Video Series

Video Transcript

So now let's have a look at Steve Stricker, not one of the most glamorous and most flamboyant players on the tour, but certainly one of the wealthiest players on the tour. Now, Steve Stricker plays a game that differs from other people's game. Steve Stricker plays his own game. He plays within himself nearly all of the time. And he's one of the only players that's really doing well without bombing the ball a million miles. Maybe Luke Donald's another example of this. They're winning consistently. They're winning big titles. They're winning big checks. But they're not bombing the ball 300 yards. And I think there's something that we can all learn from that really. The point is that you should play your own game. You don't necessarily have to watch the world's best players or even the best players in your club or in your four-ball and try and copy that. You have to work out your own strengths and your own weaknesses and then play to your strengths and go and work on your weaknesses.

Now the best way to do this is look at your own stats. So look at the things that you're doing well and not so well on the golf course. The key stats really for most people are going to be fairways hit. But I like to broaden that target a little bit and say good drives. Now, let me explain that. If I hit the ball 300 yards straight down the middle of the fairway and it rolls one yard into the semi-rough, I'm still going to classify that as a good tee shot, particularly if I've got a good line to the flag. But, likewise, if I have a massive snap-hook-pull, bounces off a tree, rolls over the lady's tee and onto the first yard of the fairway and I'm still 400 yards from the green, but I'm on the fairway, I'm not going to put a tick in that box. So have a little bit of a leeway there. Look for good tee shots and bad tee shots. If you're hitting good tee shots, good; bad tee shots, bad.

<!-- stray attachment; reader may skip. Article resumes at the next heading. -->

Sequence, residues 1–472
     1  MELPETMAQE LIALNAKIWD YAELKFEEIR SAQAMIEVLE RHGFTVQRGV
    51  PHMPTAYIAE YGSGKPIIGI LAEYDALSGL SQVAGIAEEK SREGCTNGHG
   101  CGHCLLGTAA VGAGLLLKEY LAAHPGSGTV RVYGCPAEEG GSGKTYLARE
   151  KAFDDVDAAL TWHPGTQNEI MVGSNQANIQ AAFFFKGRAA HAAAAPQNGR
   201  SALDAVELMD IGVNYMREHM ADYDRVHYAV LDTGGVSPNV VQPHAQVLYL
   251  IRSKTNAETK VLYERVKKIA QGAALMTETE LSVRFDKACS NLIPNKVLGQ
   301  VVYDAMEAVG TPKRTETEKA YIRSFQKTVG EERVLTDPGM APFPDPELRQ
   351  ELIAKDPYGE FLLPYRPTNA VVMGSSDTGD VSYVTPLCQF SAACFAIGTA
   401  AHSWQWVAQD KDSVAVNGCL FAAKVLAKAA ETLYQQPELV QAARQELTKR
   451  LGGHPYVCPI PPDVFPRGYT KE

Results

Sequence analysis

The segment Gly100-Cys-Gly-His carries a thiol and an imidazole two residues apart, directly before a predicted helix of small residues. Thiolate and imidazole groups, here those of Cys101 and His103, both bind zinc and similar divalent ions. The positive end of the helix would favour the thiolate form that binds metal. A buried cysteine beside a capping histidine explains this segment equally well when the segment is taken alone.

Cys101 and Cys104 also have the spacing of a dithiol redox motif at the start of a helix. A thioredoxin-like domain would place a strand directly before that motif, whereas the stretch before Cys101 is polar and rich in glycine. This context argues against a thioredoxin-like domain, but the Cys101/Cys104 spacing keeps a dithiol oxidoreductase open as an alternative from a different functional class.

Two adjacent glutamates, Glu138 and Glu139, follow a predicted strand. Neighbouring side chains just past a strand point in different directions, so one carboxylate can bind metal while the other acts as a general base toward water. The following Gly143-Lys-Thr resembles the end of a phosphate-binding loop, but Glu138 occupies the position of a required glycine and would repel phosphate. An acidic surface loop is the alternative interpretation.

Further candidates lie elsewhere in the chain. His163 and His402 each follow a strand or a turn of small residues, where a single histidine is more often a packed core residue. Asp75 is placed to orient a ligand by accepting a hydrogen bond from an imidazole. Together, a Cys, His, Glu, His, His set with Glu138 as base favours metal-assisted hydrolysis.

Then we're looking for greens in regulation. That's did I take two shots to get on to the green for a par-four, three shots on to the green for par-five, and obviously one shot on to the green for par-three. So am I hitting good tee shots? Am I hitting greens in regulation? If I'm missing greens in regulation, am I scrambling? Now, the tour stat for scrambling is getting up and down to make par; so chipping on to the green, holing the putt to make par. Then we've got sand saves; sand stop from a bunker. Am I getting out of the bunker? Am I holing the putt to save par?

Then we've got number of putts. So how many putts did you take in an entire round? Another variation of that might be how many putts did you take on the greens you hit in regulation. So when I've hit a par four in two, how many putts am I taking? There's no point hitting the green in two and I'm taking three putts still to make bogey.

The other stat that I think is worthwhile for amateur and club golfers is number of penalty shots. If you're taking two or three penalty shots from lost balls or dropping out of water at every round, that's quite a big number riding on to your score as well. So look at all these variations. Look at all those stats. Work through those stats. Analyze what your strengths and weaknesses are. Then go to the practice ground and start working on those areas or consult a PGA golf professional and mention that this is my area of weakness, this is the bit that I want to improve on. But take a lesson out of Steve Stricker's book, work on your weak areas, stay really focused on playing your own game, and not trying to copy what other people are doing, particularly on this kind of hitting the ball as far as possible. If you've got a good short game, you know how far how you hit all of your irons and you can putt well, you'll probably outscore most people even if they're outdriving you.